This is a cross-post (on recommendation) from CV.

My problem is very simple.

I currently intend on using Kriging (Gaussian process regression) to perform regression between the trajectories marked with red dots on the below plot, where a simple linear-regression surface has been superimposed as well.

As you can see there is a strong correlation in a particular direction of the four time-series.

enter image description here

Through long and very interestind discussion with @DeltaIV, we started consdering other methods such as harmonic regression. The latter would have been very elegant except the example time-series in the above plot have different periods (fundamental frequencies) thus HR will not work.

Hence I would like to ask you excellent people what you would recommend for either regression or interpolation between quasi-periodic time-series such as the above? I should not that the above plot shows only one period, that approximately repeats itself but not quite (hence 'quasi').

Alas currently (in order of preference):

  • Multivariate splines (recommendations here welcome too)
  • Gaussian process regression (with complex kernel choice)
  • Some magical way of making harmonic regression work with time-series with different periodicity


Here is another image, showing the periodicity of ONE of the signals annotated by the red dots above. Thus, this time-series shows the periodicity of the time-series over a longer period of recorded time. Again, this is just ONE of the above four time-series, recorded at a certain regime.

enter image description here

  • $\begingroup$ So, as far as I understood, you know that each time series is highly periodic, right? But: you can't compare things at fixed time offsets, because the period is different for every realization. Would estimating that period and then normalizing to a phase (i.e. $\frac{\text{sample time}}{\text{Period}}$) be an option? $\endgroup$ – Marcus Müller Dec 16 '16 at 21:56
  • $\begingroup$ @Marcus could you give an example? Your description is correct regarding the problem. Though I do not quite understand your proposal. $\endgroup$ – Astrid Dec 18 '16 at 15:09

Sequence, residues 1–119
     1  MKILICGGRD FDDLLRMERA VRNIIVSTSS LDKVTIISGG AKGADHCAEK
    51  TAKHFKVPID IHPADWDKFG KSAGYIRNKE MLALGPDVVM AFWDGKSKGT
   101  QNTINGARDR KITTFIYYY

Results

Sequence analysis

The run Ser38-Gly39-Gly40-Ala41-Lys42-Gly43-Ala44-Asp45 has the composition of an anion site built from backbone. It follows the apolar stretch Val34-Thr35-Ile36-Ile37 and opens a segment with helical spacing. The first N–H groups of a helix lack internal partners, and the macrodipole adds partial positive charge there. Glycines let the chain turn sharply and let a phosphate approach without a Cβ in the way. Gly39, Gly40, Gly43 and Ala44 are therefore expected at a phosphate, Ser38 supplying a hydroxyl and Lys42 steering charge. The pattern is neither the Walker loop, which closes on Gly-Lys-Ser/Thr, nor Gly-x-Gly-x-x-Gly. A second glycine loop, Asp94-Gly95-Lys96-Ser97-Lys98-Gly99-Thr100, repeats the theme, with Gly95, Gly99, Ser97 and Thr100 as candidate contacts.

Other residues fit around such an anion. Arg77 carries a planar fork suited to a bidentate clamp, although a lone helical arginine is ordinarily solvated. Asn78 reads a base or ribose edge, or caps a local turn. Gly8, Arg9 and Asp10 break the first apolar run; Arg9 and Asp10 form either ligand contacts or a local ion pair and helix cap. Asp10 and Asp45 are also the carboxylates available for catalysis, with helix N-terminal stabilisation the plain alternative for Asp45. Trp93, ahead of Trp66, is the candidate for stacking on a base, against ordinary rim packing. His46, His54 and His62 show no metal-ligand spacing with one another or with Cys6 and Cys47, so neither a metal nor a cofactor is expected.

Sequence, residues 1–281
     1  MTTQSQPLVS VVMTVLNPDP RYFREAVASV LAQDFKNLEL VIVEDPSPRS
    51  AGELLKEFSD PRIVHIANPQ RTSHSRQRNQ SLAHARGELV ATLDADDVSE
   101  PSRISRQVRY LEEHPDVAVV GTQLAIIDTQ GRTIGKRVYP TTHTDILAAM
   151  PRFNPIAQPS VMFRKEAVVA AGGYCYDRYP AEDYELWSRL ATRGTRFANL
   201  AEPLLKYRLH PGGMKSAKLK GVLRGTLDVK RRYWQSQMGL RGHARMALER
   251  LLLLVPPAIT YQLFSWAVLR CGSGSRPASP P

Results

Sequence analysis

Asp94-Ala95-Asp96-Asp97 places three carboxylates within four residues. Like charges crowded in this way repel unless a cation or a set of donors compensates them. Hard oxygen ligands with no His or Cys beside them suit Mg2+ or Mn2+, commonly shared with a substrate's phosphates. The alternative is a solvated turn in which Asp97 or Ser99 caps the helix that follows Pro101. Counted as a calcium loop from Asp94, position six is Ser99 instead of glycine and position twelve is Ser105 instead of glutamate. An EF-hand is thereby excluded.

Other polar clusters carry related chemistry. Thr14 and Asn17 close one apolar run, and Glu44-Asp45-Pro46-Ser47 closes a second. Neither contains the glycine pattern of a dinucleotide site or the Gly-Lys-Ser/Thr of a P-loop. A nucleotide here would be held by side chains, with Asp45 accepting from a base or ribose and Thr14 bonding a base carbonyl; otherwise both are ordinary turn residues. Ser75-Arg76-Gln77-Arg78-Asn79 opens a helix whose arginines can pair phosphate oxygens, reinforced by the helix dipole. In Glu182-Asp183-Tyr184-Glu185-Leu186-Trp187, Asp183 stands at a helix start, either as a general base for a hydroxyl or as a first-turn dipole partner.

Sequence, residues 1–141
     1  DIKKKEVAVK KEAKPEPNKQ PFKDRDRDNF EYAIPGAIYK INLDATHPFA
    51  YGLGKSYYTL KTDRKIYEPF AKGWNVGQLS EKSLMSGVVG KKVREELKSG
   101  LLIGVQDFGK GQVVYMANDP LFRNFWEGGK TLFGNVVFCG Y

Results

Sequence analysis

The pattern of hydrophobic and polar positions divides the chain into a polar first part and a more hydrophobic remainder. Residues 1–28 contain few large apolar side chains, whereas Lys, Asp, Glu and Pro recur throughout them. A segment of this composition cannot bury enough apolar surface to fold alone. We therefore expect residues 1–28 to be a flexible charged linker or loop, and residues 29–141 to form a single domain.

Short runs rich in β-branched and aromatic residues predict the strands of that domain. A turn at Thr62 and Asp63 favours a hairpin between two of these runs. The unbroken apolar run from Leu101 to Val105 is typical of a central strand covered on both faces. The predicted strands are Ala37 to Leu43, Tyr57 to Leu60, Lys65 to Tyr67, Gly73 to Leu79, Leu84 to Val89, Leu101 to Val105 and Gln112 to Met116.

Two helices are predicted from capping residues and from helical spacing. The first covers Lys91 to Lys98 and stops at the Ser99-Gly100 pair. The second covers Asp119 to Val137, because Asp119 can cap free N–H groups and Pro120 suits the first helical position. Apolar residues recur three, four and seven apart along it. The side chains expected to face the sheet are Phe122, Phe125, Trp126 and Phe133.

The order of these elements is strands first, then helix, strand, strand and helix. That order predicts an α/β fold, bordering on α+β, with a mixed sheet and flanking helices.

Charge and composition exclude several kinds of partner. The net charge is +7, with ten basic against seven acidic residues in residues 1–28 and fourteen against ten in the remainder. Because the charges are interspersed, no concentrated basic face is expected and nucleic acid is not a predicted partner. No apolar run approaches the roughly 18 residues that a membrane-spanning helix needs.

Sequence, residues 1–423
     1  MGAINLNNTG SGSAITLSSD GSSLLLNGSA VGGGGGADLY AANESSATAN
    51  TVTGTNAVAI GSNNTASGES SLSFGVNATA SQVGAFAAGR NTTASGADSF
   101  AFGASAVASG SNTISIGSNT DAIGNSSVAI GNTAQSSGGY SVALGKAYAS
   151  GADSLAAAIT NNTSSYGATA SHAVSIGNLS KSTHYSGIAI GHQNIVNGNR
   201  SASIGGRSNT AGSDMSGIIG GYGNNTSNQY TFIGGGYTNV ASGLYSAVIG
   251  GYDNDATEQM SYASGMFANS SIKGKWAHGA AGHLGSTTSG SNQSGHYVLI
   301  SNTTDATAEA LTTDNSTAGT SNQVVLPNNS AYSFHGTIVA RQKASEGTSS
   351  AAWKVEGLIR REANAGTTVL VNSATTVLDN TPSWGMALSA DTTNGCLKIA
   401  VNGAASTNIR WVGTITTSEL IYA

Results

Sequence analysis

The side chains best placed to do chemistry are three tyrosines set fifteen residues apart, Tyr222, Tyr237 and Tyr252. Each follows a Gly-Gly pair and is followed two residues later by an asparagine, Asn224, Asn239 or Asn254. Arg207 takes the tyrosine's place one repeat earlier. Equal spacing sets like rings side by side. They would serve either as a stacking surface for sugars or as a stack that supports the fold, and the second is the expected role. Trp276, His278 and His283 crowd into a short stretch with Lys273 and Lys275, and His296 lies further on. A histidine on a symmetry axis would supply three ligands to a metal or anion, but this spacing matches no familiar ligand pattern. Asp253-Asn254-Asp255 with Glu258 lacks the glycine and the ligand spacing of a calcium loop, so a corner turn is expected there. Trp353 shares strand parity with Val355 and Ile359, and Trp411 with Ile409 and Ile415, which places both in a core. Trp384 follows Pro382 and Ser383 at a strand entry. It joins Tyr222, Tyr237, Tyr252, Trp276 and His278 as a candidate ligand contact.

• $\begingroup$ Assume that you were able to measure the frequency of the periodic signal. Since we can assume sufficient bandwidth limitation (you've sampled the signal, after all), it's possible to resample the signals in a manner that brings them all to the same frequency (measured in $f_\text{sample}$) and thus, making the resulting samples comparable $\endgroup$ – Marcus Müller Dec 18 '16 at 17:15
  • $\begingroup$ I think I understand what you mean; thus using a first sampled signal as a basis function almost, we can measure the rest of the sampled signals in terms of this base? $\endgroup$ – Astrid Dec 19 '16 at 15:52
  • $\begingroup$ First, i should confirm that the thousands axis are time, and the decimal axis is space? Though this could be viable, i fail to see a periodical behaviour on any section, hence i cannot suggest any periodic strategy on that sense. Unless you clarify us which is the physical meaning of the measurements?. Also, using dynamical system techniques for the time axis is a way better approach than kernels. If and only if we can plug in causality on the estimation...... Can you paste another clearer image of what we should achieve? Or the physical meaning of all this? At least, the meaning of the axes $\endgroup$ – Brethlosze Dec 21 '16 at 22:04

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